Gov. Michelle Lujan Grisham has signed legislation that will make it easier for New Mexicans who are low-income, publicly insured or uninsured, or living in rural and tribal areas to access dental care. Sponsored by 49th District Rep. Gail Armstrong of Magdalena and 52nd District Rep. Doreen Gallegos of Las Cruces, HB 308 passed the Senate last Sunday with a vote of 30 to 12.
The Senate version of the bill was sponsored by 22nd District Sen. Benny Shendo Jr. of Jemez Pueblo.
Nearly 900,000 New Mexicans live in areas without enough dentists, with the burden falling heavily on rural, tribal, and low-income communities. More than 25 percent of elementary-aged children in New Mexico have untreated tooth decay, which impacts their ability to succeed in school and live healthy lives.
“Many people in our district struggle to get the dental care they need,” Armstrong told the Defensor Chieftain. “More and more research shows a strong connection between oral health and overall health. Dental therapists will help people in New Mexico access essential dental care.”
Similar to the way a physician’s assistant contributes to a medical team, dental therapists offer routine and preventive care, and complement the work of dentists, dental hygienists, and dental assistants, increasing the productivity and reach of the dental care team.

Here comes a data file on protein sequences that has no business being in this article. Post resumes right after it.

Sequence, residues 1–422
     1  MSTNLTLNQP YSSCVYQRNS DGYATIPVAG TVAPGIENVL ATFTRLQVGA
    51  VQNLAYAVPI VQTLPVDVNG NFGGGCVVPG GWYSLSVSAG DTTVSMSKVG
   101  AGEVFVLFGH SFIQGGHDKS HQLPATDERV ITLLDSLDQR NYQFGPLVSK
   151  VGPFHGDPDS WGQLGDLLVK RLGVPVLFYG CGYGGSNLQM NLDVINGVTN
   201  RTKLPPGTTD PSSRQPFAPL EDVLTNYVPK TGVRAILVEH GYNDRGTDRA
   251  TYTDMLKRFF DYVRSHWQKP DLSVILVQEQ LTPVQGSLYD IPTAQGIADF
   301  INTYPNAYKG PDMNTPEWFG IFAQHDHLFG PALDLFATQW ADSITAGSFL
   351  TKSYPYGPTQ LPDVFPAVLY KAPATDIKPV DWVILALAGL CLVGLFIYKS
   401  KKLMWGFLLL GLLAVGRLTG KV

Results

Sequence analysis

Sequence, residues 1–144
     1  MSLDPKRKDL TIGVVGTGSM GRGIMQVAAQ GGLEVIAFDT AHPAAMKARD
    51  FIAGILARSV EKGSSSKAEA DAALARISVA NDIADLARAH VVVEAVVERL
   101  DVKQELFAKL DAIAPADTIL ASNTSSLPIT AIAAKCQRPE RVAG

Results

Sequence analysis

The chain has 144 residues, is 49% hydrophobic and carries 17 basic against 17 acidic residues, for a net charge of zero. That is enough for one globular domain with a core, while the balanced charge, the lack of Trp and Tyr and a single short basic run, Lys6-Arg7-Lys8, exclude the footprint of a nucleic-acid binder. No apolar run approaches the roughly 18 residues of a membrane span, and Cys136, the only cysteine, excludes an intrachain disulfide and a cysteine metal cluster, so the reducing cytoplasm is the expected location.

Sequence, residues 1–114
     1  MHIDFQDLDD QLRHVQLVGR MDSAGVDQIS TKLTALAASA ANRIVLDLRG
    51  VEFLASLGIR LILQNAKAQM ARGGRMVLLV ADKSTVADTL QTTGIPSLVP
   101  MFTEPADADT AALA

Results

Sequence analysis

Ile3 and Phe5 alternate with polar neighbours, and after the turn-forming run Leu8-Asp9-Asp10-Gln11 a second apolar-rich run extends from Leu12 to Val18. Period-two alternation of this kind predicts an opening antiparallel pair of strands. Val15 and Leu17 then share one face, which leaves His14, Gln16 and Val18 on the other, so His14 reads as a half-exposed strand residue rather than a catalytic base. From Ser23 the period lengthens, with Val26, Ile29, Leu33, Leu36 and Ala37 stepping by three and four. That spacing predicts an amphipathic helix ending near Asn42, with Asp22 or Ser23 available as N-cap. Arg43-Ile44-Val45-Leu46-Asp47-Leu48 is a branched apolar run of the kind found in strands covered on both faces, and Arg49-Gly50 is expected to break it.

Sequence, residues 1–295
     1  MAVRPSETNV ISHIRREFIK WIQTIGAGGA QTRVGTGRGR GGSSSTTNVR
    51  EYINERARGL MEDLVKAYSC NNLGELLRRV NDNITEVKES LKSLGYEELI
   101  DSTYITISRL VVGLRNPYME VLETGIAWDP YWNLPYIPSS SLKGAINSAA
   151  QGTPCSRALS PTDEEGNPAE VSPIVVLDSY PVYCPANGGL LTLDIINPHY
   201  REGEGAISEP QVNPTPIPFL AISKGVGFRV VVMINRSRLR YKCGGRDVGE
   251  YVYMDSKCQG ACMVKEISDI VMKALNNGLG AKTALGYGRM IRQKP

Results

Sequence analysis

Gallegos, who carried the bill, said authorizing dental therapists not only meets the critical need of expanding dental care services in rural, tribal, and underserved communities, “but also creates good-paying jobs for New Mexicans.”
“We are grateful to the Legislature and the governor for making dental therapists a reality in New Mexico,” said James Jimenez, executive director on New Mexico Voices for Children. “This law not only creates a new career path for New Mexicans, but it also helps to address a critical need in many of our communities – better access to oral health care. This will be a game-changer.”
Most of the bill becomes effective on June 14, 2019. One of the next steps will be for New Mexico colleges and universities to develop and begin offering the degree program. Several schools have expressed interest in adding the degree to their current dental programs.
Dental therapists are licensed dental practitioners who work as part of dentist-led teams to expand access to care. Similar to the way a physician’s assistant contributes to a medical team, dental therapists offer routine and preventive care, and complement the work of dentists, dental hygienists, and dental assistants, increasing the productivity and reach of the dental care team.